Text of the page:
|Established||As a museum in 2009|
The castle was built in 1631, although its origins are believed to go back a further three hundred years. It originally served as the seat of the Earls of Kinnoull, and stood within a walled enclosure containing subsidiary buildings, orchards etc., on a terrace overlooking the North Inch. After falling into neglect in the early 19th century, the Castle was 'restored' (in fact, virtually rebuilt), and extensively remodelled on a larger scale between 1862 and 1864 in the Scottish Baronial style by the architect David Smart. No original features survive except for parts of the original rubble walls on the east side.
The Regimental Trustees of the Black Watch bought Balhousie Castle in January 2009 and it became the Regimental Headquarters and Museum of the regiment. The museum displays the history of the regiment from 1739 to the present. The Black Watch Heritage Appeal was launched in September 2009 allowing the regiment to raise in excess of £3.2 million to develop Balhousie Castle to provide a permanent home for the museum and archive of The Black Watch.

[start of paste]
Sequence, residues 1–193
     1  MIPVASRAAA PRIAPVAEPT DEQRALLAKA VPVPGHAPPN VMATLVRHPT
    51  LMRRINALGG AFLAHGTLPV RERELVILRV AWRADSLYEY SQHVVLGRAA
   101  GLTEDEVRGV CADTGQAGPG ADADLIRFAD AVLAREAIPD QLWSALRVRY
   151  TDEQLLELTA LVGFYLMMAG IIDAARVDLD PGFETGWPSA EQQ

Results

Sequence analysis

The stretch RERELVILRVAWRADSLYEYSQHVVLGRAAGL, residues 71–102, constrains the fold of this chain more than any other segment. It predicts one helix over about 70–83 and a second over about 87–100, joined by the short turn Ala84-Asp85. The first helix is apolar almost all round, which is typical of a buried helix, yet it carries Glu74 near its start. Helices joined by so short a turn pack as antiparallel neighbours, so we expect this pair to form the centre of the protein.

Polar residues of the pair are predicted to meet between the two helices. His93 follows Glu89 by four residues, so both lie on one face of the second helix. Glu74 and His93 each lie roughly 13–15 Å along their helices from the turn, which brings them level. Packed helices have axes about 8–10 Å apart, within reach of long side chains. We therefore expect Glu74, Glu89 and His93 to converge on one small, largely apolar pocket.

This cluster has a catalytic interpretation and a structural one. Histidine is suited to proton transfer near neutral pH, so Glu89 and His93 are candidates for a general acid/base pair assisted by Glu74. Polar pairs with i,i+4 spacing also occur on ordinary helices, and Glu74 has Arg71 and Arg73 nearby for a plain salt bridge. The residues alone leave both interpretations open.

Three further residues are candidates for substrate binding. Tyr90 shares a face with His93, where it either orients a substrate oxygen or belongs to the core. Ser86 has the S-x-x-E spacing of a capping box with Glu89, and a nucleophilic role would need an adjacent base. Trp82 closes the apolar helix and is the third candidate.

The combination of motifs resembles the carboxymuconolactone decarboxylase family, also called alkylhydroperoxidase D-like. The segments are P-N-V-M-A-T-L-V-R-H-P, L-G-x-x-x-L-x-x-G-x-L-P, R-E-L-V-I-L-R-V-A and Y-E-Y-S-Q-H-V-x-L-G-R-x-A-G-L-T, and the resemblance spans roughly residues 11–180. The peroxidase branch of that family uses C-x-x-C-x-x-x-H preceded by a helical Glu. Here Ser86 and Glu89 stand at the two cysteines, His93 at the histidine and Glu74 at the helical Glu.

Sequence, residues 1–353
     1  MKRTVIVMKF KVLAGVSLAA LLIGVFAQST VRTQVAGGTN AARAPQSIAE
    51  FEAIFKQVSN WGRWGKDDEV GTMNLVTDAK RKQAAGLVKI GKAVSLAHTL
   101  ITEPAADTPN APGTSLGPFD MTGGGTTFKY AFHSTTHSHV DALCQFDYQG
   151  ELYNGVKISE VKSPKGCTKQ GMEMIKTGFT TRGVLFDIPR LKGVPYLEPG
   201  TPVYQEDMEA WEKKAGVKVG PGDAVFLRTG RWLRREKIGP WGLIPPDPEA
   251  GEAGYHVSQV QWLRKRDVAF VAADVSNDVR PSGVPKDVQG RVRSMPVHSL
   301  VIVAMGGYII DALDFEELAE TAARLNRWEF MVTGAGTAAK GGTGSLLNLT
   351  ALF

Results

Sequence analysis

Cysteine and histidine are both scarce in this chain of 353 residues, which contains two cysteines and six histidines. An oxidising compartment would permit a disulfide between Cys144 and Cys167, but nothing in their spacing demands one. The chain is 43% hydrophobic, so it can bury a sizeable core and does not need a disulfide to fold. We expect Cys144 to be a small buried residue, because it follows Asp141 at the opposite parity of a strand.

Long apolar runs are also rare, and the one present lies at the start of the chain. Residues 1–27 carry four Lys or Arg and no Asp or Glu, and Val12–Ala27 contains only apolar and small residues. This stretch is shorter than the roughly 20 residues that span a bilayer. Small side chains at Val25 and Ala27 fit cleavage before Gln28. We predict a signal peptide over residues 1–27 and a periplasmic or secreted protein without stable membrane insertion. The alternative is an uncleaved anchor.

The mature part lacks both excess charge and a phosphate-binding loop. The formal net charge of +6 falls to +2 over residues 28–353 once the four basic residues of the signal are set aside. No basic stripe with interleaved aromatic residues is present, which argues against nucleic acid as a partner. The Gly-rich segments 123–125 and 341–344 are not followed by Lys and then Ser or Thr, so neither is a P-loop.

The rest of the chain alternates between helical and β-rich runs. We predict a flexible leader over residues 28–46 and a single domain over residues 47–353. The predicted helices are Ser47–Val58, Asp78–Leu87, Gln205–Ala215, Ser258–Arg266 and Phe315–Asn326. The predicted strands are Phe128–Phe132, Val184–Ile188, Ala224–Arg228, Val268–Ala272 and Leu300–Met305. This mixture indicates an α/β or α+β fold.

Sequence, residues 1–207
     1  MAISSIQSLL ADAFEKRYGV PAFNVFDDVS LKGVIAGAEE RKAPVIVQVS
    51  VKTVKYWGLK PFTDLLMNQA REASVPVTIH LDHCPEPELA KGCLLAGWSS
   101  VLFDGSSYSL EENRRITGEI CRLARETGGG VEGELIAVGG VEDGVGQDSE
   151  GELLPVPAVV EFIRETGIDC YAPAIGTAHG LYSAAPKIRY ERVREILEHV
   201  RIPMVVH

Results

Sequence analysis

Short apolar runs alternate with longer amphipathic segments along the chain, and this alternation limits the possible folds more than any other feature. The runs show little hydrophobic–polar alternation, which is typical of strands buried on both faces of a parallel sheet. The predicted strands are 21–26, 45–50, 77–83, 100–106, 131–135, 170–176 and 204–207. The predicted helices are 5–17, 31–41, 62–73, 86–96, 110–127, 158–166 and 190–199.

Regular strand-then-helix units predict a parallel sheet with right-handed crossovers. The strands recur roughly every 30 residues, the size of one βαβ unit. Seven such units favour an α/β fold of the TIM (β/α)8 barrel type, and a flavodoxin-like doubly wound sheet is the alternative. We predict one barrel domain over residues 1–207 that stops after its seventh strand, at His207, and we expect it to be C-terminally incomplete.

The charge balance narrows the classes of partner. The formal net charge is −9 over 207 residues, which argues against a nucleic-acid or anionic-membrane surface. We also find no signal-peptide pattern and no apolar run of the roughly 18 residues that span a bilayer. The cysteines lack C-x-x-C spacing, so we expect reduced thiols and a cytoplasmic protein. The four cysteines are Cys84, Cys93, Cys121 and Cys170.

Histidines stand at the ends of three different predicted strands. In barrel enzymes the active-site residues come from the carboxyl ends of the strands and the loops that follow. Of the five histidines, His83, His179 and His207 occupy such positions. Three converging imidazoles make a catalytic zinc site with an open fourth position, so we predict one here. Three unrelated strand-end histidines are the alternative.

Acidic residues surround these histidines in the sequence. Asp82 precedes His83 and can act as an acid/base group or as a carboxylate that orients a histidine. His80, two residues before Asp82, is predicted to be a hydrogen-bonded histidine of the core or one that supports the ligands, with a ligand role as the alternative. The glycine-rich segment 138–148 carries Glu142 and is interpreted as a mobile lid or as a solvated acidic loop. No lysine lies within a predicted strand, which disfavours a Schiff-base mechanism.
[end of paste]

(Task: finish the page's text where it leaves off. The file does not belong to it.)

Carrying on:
The entrance to the castle, viewed through the main gate
A close-up of the castle's entrance
The castle's turrets
See also edit
- "Balhousie Castle, Hay Street (Museum for Black Watch Regiment)". British Listed Buildings. Retrieved 15 June 2018.
- "Black Watch Museum Appeal". Archived from the original on 4 June 2010. Retrieved 16 November 2014.
- "No Surrender". ArtUK. Retrieved 27 July 2020.